When you discern the label of your passion, answer these questions:
1. Did you ever consider this a passion?
2. Is passionate the same as obsessed?
3. Is it easy or difficult?
4. Is it fun?
5. Can you shut out the world to carry out your passion?
6. If someone demanded it of you, could you give it up?

Hard, isn't it?
~~For me,  writing novels and short stories is a hobby, a craft, because I do it in my spare time.
~~I loved to play golf, but again, that was a game and something to do in my spare time.
~~We traveled quite a bit many places, but that was an adventure, something fun and interesting.

I'm not sure I have a real passion, although I do care very much about certain things.
MARIE CURIE

If you comment and tell me yours, I'll tell you mine.
Thanks so much for taking time to read my blog.

Celia Yeary-Romance...and a little bit 'o Texas

Thursday, April 3, 2014

Our Insensitive/Too Sensitive World



People seem to be offended very easily these days, usually about something that doesn't even make sense or matter.
But on the other hand, people are sometimes too insensitive to others.

On the way home from a road trip, we stopped at a McDonald's to have one of those dollar sundaes. We sat next to a wall where I could "people watch."  Nearby, we watched a young woman in some kind of uniform that resembled scrubs talking intently across the table to a young boy--maybe ten years old. He wore khaki pants, belt, and a polo shirt that appeared to be a school uniform. The child kept his head down, as though he didn't want to look at the woman. She talked, he sat still and listened, but never looked up.

After a few minutes, she stood and walked toward the door, leaving the child in the booth. I thought the woman appeared a little angry, but not really--just intense. Then the boy slid out of the booth, stood up, but still looked down. From his pocket, he removed a gadget that looked like a short metal rod.
Then he pulled on it, extending it out to about three feet long. It had a white tip.
Then he looked up, and we saw his sightless eyes. The woman stood by the door, and talked him toward her, very quietly. He used the cane to guide himself, making sure nothing was in his path.

We were a little stunned.
Two young men stood hear the counter, obviously workmen on some crew, waiting for their orders. They watched just as we did. One sort of snickered, but the other one looked at his friend and solemnly shook his head.

One sensitive young man; one insensitive.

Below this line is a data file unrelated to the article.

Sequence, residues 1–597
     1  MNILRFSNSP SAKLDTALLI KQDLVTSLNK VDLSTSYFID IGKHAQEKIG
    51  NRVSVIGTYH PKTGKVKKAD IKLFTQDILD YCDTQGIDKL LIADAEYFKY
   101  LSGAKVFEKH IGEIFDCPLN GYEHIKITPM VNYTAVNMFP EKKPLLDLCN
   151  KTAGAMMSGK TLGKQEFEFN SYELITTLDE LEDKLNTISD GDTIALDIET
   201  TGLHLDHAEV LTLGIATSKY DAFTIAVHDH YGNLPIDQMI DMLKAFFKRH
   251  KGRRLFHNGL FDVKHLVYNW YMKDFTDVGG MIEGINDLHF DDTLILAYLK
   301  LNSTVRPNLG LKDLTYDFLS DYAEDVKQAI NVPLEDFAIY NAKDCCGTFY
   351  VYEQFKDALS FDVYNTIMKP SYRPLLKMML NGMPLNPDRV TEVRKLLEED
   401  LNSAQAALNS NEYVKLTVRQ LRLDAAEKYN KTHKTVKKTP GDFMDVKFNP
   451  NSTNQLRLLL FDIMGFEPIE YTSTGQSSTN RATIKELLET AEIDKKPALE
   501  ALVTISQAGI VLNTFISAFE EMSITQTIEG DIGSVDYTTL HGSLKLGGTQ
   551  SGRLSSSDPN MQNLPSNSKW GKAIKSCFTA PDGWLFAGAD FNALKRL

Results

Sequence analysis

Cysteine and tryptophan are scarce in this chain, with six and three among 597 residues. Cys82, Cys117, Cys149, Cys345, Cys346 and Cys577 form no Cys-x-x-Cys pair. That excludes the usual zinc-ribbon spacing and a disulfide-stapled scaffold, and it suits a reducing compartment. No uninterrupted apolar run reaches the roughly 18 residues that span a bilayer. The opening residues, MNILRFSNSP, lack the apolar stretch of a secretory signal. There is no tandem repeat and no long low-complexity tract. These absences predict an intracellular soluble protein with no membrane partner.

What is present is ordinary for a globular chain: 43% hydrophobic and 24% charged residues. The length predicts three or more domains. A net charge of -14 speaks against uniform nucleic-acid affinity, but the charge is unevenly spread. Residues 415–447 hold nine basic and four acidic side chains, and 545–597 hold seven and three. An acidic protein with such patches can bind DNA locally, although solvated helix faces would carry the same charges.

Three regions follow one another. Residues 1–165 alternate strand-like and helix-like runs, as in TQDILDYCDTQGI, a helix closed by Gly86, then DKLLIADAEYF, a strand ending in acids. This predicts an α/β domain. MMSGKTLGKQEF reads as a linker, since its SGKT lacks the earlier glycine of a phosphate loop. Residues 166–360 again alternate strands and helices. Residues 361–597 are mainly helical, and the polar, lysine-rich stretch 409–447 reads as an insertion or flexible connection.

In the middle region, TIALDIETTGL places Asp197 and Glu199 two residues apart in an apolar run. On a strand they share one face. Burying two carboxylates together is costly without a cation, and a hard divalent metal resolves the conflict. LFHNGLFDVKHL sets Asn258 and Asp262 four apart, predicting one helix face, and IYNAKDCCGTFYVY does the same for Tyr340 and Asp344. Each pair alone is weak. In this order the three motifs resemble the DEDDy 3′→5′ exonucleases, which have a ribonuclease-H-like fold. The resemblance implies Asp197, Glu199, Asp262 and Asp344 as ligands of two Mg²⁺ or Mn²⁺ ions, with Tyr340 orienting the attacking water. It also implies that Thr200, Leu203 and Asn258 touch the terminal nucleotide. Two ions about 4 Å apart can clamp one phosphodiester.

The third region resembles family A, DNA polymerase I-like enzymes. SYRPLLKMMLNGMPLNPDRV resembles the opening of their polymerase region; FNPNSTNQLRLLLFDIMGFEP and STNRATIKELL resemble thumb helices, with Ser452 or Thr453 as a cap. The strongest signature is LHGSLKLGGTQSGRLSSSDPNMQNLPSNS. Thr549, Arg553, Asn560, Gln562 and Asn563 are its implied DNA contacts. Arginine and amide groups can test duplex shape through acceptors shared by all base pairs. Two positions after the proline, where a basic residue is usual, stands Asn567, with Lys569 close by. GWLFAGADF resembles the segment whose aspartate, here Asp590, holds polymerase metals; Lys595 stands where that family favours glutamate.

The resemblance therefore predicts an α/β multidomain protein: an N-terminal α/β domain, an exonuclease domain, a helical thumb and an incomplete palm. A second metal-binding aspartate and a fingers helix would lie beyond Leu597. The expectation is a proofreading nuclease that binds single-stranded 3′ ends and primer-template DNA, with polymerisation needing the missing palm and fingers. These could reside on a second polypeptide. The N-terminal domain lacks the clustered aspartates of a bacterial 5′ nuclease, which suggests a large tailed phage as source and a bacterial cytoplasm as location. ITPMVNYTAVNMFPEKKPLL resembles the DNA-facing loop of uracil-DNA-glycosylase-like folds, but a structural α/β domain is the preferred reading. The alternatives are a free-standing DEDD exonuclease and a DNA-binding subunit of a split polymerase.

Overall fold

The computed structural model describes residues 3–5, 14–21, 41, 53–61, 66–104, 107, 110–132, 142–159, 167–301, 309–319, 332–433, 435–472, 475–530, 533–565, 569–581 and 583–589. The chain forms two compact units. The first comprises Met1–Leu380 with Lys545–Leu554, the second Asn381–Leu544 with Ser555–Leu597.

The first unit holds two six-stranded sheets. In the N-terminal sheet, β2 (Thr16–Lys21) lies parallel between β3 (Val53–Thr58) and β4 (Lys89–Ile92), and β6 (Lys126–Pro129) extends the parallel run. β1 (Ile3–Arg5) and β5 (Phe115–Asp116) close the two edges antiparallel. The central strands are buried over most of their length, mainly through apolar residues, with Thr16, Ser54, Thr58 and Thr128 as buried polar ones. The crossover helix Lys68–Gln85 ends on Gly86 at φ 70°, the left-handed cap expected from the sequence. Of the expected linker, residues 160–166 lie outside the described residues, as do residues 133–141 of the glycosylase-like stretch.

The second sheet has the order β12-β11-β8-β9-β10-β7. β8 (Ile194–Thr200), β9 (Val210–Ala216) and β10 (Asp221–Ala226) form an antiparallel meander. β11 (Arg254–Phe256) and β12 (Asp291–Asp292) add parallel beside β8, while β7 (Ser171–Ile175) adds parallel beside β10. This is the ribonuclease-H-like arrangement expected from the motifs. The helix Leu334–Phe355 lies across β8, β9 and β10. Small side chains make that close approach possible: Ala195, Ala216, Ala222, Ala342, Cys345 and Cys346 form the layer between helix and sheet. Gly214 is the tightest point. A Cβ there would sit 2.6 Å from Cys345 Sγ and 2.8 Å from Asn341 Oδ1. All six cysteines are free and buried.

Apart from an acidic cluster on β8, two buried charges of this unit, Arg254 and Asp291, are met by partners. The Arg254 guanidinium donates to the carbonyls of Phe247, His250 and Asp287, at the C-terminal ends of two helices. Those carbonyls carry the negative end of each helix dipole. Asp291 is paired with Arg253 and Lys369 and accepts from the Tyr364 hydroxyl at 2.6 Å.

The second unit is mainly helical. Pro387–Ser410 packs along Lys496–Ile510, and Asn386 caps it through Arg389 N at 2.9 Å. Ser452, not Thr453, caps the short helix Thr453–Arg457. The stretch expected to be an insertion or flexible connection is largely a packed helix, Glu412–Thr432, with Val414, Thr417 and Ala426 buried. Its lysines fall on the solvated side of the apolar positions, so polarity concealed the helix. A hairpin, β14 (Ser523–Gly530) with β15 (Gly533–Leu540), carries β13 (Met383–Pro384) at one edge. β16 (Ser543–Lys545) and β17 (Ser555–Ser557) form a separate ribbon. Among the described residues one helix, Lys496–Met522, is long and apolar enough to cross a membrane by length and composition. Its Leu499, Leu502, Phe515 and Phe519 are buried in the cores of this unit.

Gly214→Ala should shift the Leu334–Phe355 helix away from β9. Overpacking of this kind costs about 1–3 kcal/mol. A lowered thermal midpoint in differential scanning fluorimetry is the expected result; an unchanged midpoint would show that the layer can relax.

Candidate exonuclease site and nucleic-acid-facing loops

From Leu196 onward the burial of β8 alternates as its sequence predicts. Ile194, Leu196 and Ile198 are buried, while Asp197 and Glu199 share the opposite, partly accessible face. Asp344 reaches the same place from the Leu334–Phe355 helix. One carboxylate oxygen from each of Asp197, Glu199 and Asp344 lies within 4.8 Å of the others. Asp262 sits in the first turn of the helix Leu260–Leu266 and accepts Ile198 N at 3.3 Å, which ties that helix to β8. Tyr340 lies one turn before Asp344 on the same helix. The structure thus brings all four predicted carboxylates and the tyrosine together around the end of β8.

And then there're the overly-sensitive among us.
In fact, we take great pains in our present society not to offend anyone or any group. Well, this becomes incredibly cumbersome, in my opinion.

As I analyze the "too sensitive" syndrome, I realize the real problem is misunderstanding of others. If there's something in particular that we don't like or makes us uncomfortable, then we'd like to have that changed to suit our own agenda.
We take it personally.

When our children were in school, they would have some sort of problem that they wanted to relate to me in detail. I listened as any good mom would do, but then asked what he/she intended to do about it. The answer usually was, "Mom! Can't you do something?" Each of them wanted me to change someone or some situation so they'd feel happy again, no longer uncomfortable, and no longer sensitive to a predicament. 
The best thing we taught our children was to learn to cope in their environment. We cannot change everything--but we can learn to cope and move along.
The little blind boy was learning to cope with his environment.
The insensitive young man was learning that his friend didn't like his attitude.
And the sensitive young man looked, inwardly sympathized, but moved on.

"Live and let live; you cannot control others."

What does all my rambling mean?
~*~We don't like to be criticized.
~*~We don't like to be wrong.
~*~We don't like to be on the losing side.
~*~We don't like a bad review.
~*~We don't like to appear uninformed.
~*~We don't like to be reprimanded.
~*~We don't like anyone telling us what to do.
~*~We don't like to get out of our comfort zone.
~*~We don't like rejections.
~*~We don't like changes.

I'm still learning about the coping vs. the active changing. I face this often with my writing, my publishers, my editors, my...whatever. Do I cope and let them run the show? Am I being too sensitive to push for a change? 
Am I too aggressive trying to make things go my way?

I wonder if I try hard enough sometimes to understand the other side.
I admit...I'm not very good at it.
Shouldn't the other side try, too?
Celia Yeary-Romance...and a little bit 'o Texas